Installing Bitcoin Core
Execute the Bitcoin Core installation file. You might need to right-click and choose “Run as administrator.” Install it using the default settings. Start the program ‘bitcoin-qt.exe’ in the directory “C:\Program Files\Bitcoin”. Choose your new “bitcoin_mainnet” folder as the custom data directory.
Bitcoin Core opens and starts immediately syncing the blockchain. Now, we need to set one very important additional setting in the “bitcoin.conf” file. If not set, the the whole blockchain will be useless and needs to be re-validated. Using the menu, open ‘Settings’ / ‘Options’ and click the button ‘Open Configuration File’. Enter the following line:
$ txindex=1If your computer has a lot of memory, you can increase the database in-memory cache by adding the following line (with megabytes of memory to use, adjusted to your computer) as well:
$ dbcache=6000Save and close the text file, quit Bitcoin Core using ‘File’ / ‘Exit’, and restart the program. The program will start syncing again.
Let the blockchain sync for now, this will take a day or two.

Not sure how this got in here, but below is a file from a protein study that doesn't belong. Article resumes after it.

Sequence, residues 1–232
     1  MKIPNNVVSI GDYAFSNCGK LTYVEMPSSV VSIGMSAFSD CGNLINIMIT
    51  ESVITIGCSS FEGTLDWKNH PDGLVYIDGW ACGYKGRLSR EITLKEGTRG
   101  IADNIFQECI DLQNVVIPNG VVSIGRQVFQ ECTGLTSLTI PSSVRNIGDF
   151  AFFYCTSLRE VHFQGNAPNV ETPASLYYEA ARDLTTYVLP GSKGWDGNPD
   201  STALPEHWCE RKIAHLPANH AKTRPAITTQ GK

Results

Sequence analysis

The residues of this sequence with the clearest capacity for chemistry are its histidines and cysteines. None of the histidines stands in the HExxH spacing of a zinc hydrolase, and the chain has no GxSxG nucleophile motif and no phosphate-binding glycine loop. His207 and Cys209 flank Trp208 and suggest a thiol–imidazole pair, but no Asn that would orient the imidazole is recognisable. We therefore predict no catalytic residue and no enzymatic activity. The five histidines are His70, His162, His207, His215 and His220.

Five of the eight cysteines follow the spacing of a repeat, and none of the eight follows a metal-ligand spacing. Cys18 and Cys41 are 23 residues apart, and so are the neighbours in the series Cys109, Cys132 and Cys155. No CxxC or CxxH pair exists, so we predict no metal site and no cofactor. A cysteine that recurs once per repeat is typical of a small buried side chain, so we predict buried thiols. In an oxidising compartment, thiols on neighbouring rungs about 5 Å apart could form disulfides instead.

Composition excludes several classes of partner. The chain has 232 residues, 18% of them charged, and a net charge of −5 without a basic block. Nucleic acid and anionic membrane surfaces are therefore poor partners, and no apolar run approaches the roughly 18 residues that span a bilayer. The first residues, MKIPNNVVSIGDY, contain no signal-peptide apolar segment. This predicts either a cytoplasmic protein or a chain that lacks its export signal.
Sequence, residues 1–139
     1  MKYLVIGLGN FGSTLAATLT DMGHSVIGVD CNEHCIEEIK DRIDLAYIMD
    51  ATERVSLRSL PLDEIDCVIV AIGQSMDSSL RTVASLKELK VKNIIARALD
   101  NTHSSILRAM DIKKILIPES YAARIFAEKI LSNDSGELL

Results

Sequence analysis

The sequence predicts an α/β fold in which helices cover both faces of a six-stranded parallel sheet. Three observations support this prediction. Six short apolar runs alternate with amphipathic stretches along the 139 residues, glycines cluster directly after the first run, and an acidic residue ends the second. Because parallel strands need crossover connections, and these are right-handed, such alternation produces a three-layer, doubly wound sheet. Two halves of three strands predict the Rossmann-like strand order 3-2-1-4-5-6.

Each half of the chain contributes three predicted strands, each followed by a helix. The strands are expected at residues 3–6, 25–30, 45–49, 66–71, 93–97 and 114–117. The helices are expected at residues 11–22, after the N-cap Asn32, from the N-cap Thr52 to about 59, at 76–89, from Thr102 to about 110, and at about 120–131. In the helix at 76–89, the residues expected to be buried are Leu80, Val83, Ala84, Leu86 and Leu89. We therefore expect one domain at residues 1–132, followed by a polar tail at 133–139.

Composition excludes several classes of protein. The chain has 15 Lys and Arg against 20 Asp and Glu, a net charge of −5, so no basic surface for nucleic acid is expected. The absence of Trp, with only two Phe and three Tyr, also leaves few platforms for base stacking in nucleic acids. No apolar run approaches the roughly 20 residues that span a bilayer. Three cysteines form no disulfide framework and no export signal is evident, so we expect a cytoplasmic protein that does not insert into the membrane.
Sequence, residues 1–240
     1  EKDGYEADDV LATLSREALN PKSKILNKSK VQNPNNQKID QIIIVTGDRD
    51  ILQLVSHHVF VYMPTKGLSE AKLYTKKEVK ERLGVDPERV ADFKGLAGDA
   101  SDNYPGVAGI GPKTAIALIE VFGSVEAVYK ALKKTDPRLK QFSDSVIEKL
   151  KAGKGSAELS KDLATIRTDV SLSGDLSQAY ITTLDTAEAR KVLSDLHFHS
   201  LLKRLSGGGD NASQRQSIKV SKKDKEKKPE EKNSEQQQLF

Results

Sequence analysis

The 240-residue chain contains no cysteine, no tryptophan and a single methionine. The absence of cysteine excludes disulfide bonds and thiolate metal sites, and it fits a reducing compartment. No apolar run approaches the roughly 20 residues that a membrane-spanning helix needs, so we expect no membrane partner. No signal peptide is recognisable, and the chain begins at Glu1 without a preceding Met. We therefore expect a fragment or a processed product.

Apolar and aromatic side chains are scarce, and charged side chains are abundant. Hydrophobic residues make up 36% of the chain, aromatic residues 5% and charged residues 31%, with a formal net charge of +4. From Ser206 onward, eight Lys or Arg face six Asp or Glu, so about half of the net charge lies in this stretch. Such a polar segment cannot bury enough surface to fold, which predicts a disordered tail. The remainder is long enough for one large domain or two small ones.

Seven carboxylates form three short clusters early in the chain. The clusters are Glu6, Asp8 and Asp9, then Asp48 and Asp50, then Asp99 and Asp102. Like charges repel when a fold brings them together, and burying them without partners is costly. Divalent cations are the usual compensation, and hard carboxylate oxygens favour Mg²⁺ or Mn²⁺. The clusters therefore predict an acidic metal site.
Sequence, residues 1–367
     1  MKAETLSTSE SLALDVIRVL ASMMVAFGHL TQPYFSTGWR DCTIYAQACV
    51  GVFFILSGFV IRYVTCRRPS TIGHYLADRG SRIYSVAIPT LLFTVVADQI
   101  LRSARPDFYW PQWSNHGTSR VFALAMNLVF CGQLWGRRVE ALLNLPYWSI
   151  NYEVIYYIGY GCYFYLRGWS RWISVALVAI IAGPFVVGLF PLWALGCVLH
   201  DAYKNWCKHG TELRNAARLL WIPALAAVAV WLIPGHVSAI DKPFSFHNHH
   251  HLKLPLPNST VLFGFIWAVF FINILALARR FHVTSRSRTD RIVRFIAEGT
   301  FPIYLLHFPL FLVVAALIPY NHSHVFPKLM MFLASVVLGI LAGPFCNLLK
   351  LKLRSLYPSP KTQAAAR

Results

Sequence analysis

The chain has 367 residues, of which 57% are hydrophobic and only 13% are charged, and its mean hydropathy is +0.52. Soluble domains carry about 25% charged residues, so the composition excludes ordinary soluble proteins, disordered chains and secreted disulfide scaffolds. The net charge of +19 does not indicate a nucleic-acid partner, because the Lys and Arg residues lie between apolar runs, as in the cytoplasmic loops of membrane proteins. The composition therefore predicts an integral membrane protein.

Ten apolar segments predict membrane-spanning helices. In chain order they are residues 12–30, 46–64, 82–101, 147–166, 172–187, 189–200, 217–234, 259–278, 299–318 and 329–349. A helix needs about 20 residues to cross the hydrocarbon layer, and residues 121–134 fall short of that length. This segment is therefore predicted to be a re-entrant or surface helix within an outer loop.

Before proceeding to mainnet
In part 2 of this guide, we will transition to the Bitcoin mainnet. This will be the point of no return. Up until now, you can just start over. Experiment with testnet bitcoin. Open and close channels on the testnet. It’s important that you feel comfortable with Thundroid operations, before putting real money on the line.
Once you switch to mainnet and send real bitcoin to your Thundroid, you have “skin in the game.”
- Make sure your RaspiBolt is working as expected. Get a some practice with ‘bitcoin-cli’ and its options. See Bitcoin Core RPC documentation (https://bitcoin-rpc.github.io/)
- Do a dry run with ‘lncli’ and its many options. See Lightning API reference (http://api.lightning.community/)
- Try a few restarts (‘sudo shutdown -r now’). Is everything starting fine?
See you soon in part 2, “The Perfect Bitcoin Lightning️ Node.”